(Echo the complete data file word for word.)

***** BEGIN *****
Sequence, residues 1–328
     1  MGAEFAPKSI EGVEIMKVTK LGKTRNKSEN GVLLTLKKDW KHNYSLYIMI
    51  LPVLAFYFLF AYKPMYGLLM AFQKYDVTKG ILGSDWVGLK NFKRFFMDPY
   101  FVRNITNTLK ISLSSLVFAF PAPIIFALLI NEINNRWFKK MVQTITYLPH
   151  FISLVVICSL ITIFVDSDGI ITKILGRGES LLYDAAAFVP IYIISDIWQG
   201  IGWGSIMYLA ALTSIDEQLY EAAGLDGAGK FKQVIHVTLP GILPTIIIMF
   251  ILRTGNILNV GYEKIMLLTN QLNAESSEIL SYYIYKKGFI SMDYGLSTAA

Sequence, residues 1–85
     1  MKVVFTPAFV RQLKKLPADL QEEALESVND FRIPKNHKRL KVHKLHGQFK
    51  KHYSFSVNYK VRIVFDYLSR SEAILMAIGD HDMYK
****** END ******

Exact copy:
Sequence, residues 1–328
     1  MGAEFAPKSI EGVEIMKVTK LGKTRNKSEN GVLLTLKKDW KHNYSLYIMI
    51  LPVLAFYFLF AYKPMYGLLM AFQKYDVTKG ILGSDWVGLK NFKRFFMDPY
   101  FVRNITNTLK ISLSSLVFAF PAPIIFALLI NEINNRWFKK MVQTITYLPH
   151  FISLVVICSL ITIFVDSDGI ITKILGRGES LLYDAAAFVP IYIISDIWQG
   201  IGWGSIMYLA ALTSIDEQLY EAAGLDGAGK FKQVIHVTLP GILPTIIIMF
   251  ILRTGNILNV GYEKIMLLTN QLNAESSEIL SYYIYKKGFI SMDYGLSTAA

Sequence, residues 1–85
     1  MKVVFTPAFV RQLKKLPADL QEEALESVND FRIPKNHKRL KVHKLHGQFK
    51  KHYSFSVNYK VRIVFDYLSR SEAILMAIGD HDMYK